31 August 2012

Promo: Dastardly Bastard by Edward Lorn

Title: Dastardly Bastard
Author: Edward Lorn
Pub. Date: May 2, 2012
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When war photographer Mark Simmons is sent to do a promo on Waverly Chasm, he assumes it’s a puff piece, a waste of his talents.

Widow Marsha Lake brings her son, Lyle, to help him heal after his father’s death.

Donald Adams, aka H.R. Chatmon, joins the tour to get away from a sticky situation.

Justine McCarthy consents to the hike to placate her boyfriend, Trevor.

For Jaleel Warner, the tour guide, walking the chasm is just part of his job.

Each of these people must face their darkest memories in order to discover and defeat the secret buried in Waverly Chasm.

MARK SIMMONS WAS SWEATING, WHEEZING, and feeling every bit of his five hundred pounds as he stepped off Corsican International Flight 600. The flight attendant at the gate asked if he was okay when he dropped off his seat belt extender. He waved her off with a limp wrist, staggering toward the seats just inside the departure area. He could’ve bitched about having to buy an extra seat to accommodate his size, but he’d fought that battle, and it never worked out in his favor.

Mark crashed into the plastic chair. The seat screeched and groaned while he tried to get comfortable. His massive rear end flowed over the edges, the steel armrests digging into his love handles.

“Look, Mom!” a little girl squealed. “He’s so fat!”

“Deborah!” The mother offered Mark a soft smile that might’ve said, “Kids say the darnedest things,” before turning to make a call on her cell phone.

The air conditioning from the vent above blew down like a saving grace. Basking in the chilly air, he felt the sweat on his face become gelid. He relaxed back into the hard plastic and worked on his breathing.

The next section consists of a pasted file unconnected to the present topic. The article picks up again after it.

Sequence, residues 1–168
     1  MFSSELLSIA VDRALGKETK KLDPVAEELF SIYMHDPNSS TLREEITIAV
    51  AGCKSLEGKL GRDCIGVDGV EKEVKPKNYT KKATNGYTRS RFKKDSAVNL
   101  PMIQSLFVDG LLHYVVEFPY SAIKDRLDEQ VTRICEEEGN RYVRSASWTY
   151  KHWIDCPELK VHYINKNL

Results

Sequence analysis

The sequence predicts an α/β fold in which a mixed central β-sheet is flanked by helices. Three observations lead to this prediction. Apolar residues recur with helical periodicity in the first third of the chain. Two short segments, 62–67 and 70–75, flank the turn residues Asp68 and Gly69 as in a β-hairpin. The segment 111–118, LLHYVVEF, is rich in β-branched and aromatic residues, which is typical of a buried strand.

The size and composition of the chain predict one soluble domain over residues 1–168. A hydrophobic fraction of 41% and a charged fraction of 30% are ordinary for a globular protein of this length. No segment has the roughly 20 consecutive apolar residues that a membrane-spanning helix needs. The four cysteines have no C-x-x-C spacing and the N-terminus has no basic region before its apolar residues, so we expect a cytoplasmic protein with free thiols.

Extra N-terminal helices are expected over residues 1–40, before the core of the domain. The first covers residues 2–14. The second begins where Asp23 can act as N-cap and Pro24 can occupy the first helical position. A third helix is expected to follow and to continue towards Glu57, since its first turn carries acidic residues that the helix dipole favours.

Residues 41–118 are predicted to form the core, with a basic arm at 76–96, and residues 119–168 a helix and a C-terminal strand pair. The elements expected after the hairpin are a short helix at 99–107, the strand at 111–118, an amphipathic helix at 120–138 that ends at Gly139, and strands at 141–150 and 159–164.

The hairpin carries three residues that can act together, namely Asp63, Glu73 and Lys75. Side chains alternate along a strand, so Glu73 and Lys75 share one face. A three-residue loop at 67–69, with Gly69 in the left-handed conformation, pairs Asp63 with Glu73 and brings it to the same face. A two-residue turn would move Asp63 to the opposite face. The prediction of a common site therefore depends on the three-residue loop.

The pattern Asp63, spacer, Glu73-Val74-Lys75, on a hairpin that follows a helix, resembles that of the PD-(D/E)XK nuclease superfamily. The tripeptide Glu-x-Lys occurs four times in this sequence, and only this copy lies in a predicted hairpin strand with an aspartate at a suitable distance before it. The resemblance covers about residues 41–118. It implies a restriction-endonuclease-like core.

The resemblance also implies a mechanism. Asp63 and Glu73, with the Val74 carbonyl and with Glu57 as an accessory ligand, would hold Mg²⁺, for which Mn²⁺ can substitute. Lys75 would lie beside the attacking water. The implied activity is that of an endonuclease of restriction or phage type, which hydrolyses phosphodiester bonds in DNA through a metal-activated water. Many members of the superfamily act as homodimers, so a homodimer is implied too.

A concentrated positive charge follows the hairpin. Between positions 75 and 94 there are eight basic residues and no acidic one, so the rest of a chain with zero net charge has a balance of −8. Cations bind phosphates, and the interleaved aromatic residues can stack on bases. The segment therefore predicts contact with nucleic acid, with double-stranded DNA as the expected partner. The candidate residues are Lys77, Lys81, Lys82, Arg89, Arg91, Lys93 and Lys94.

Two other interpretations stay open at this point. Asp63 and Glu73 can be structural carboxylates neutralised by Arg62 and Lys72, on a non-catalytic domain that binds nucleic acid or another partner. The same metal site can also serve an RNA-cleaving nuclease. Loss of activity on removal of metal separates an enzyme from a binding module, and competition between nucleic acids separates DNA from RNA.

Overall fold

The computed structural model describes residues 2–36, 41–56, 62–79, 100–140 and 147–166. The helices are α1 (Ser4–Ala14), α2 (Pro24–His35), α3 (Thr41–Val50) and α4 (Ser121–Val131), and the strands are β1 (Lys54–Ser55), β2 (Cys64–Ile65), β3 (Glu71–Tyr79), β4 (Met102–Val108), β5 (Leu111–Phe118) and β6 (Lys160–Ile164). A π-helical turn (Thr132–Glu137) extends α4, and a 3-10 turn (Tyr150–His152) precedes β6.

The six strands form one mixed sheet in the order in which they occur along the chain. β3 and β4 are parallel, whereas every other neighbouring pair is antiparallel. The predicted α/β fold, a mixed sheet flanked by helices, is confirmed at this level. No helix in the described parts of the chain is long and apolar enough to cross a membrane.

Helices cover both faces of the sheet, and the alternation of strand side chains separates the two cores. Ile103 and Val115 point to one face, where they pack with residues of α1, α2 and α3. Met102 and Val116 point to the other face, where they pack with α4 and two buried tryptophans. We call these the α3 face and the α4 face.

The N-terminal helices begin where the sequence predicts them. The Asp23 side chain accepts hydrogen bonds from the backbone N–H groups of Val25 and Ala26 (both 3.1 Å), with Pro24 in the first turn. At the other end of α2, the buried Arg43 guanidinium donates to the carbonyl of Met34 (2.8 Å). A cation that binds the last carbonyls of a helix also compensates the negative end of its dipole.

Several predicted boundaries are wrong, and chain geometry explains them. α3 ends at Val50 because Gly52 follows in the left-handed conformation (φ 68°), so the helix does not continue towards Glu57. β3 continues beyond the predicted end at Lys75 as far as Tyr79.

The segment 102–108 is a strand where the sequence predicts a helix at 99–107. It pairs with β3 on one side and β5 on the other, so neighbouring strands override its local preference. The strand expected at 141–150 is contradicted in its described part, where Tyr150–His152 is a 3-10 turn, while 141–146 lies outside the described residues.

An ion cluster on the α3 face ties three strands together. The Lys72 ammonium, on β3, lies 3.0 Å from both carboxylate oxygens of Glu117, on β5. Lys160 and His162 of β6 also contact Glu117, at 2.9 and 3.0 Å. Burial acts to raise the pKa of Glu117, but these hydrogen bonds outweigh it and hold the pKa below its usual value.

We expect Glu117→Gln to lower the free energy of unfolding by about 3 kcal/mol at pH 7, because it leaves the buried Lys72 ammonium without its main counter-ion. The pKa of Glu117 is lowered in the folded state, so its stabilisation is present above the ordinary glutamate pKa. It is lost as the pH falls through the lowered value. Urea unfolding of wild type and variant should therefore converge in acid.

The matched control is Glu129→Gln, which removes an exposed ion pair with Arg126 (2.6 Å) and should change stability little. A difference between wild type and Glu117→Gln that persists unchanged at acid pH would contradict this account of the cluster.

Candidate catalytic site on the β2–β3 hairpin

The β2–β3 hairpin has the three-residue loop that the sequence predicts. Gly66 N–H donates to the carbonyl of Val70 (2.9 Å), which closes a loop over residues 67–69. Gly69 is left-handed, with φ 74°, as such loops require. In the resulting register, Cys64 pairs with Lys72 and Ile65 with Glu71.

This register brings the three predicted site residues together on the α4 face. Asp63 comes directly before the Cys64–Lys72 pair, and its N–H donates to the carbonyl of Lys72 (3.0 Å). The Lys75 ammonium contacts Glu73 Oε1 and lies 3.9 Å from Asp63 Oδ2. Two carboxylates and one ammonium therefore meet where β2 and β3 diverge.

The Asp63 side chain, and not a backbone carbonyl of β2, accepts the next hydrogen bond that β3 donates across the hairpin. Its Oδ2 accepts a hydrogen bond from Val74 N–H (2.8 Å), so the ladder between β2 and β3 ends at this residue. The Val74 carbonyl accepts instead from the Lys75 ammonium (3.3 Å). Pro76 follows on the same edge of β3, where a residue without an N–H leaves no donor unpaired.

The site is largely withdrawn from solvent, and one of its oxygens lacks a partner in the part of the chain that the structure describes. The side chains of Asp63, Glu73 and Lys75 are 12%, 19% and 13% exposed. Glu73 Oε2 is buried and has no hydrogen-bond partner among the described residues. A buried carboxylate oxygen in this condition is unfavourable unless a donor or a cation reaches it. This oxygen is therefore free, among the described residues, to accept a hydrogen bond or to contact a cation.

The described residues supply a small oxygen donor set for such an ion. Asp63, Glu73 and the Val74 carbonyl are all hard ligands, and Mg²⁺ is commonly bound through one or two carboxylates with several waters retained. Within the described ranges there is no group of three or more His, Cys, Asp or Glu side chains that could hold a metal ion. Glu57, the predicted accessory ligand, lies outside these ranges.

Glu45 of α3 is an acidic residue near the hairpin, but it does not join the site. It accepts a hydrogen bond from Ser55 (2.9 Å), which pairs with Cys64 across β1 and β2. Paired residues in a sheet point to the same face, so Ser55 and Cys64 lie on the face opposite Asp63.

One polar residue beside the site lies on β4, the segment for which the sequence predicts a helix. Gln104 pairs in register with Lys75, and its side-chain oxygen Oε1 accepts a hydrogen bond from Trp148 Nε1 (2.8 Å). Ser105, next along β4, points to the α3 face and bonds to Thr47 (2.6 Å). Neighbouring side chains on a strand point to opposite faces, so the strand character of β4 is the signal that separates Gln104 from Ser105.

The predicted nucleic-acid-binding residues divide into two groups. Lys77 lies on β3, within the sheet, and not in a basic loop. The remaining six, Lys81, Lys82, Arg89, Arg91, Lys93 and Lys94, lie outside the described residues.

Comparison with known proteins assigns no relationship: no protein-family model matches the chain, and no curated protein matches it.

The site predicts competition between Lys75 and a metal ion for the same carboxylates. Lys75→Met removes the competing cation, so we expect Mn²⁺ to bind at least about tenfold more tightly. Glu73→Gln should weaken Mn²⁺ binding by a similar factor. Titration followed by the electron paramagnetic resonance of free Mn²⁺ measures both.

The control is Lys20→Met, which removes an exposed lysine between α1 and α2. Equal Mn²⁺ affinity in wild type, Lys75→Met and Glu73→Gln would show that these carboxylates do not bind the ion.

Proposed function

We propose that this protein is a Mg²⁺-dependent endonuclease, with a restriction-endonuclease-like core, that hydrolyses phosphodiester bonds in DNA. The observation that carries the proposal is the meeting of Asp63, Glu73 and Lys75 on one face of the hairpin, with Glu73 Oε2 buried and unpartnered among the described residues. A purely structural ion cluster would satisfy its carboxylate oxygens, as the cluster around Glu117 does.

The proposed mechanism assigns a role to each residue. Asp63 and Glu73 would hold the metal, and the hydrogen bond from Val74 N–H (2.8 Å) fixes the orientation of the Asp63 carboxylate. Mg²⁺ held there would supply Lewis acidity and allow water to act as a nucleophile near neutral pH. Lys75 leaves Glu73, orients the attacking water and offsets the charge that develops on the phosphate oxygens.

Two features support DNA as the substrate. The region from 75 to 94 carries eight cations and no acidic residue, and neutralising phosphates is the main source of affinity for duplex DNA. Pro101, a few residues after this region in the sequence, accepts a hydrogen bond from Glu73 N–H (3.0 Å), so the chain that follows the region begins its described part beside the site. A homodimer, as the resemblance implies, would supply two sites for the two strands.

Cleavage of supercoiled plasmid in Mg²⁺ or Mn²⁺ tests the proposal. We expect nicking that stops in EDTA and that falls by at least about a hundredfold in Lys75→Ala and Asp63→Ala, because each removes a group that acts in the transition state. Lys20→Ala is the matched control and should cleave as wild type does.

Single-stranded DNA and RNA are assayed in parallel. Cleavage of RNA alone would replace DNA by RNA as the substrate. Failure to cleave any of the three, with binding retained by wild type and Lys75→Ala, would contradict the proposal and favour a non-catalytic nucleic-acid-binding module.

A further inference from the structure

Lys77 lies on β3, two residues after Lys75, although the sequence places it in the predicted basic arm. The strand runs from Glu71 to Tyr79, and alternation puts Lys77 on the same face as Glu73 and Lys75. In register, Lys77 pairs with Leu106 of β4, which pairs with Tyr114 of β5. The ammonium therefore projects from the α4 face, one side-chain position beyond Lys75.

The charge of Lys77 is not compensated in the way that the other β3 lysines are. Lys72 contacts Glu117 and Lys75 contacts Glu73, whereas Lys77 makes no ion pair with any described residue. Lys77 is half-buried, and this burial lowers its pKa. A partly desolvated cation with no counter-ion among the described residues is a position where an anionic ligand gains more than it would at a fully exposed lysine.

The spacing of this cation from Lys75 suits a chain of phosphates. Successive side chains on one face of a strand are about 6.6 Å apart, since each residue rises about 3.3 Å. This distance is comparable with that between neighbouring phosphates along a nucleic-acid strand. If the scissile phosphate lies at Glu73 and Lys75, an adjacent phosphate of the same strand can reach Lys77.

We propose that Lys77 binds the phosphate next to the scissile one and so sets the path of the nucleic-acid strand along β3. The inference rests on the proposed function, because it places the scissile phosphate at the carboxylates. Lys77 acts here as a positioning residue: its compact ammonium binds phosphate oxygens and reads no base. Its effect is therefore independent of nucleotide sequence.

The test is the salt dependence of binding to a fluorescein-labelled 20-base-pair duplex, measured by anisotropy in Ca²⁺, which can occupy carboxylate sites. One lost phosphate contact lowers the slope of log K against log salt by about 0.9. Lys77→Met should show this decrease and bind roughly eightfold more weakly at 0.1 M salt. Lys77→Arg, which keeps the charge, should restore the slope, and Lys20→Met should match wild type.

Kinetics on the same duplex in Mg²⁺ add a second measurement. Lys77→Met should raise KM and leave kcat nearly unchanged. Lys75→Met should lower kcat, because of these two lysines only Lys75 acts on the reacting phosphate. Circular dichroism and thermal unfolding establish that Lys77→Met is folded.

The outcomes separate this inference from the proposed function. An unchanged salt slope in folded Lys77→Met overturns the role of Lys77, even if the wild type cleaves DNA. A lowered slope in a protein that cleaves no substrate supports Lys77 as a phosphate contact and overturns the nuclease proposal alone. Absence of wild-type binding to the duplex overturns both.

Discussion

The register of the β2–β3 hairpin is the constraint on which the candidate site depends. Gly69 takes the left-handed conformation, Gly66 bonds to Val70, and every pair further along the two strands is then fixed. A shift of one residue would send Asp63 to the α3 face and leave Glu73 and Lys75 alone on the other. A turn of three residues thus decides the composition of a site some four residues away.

One… two… three… four…

He counted his breaths like an insomniac tallying sheep. The routine calmed him. It always did.

Fifteen minutes, and a count of twelve-hundred, finally returned some of Mark’s strength. He still had to walk to baggage claim, then to Hertz, before trekking out into the parking lot to get his rental vehicle. The twenty-hour drive into New York would give him plenty of time to rest. He didn’t need sleep.

He needed the road. When the higher-ups decided there was money to be made in sending their fattest journalist to cover the withdrawal of American soldiers from Iraq, Mark hadn’t refused, thinking maybe the time spent there would expedite a promotion. Four months earlier, before he had left for Iraq, he’d started Weight Watchers with the intention of losing fifty pounds in preparation for traveling to one of the hottest climates on Earth. That diet lasted all of two hours, ending in a refrigerator raid that rivaled the Bay of Pigs insurgency. Fallujah hadn’t been as hot as expected, so the failed diet hadn’t hurt him too badly, but most Iraqis studied him with a cautious glare. Mohammad must have spoken of the evils of fat people because those Muslims skirted Mark as if being obese were contagious.